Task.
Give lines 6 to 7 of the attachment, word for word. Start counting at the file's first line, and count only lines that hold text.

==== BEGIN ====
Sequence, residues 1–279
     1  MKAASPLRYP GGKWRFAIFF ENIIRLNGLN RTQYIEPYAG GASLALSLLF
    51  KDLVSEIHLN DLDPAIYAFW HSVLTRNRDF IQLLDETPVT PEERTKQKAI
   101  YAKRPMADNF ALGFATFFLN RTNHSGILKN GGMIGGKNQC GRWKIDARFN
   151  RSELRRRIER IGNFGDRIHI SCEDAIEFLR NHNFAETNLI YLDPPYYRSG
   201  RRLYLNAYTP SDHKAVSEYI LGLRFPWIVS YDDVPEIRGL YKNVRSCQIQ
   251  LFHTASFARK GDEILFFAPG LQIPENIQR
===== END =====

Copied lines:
   201  RRLYLNAYTP SDHKAVSEYI LGLRFPWIVS YDDVPEIRGL YKNVRSCQIQ
   251  LFHTASFARK GDEILFFAPG LQIPENIQR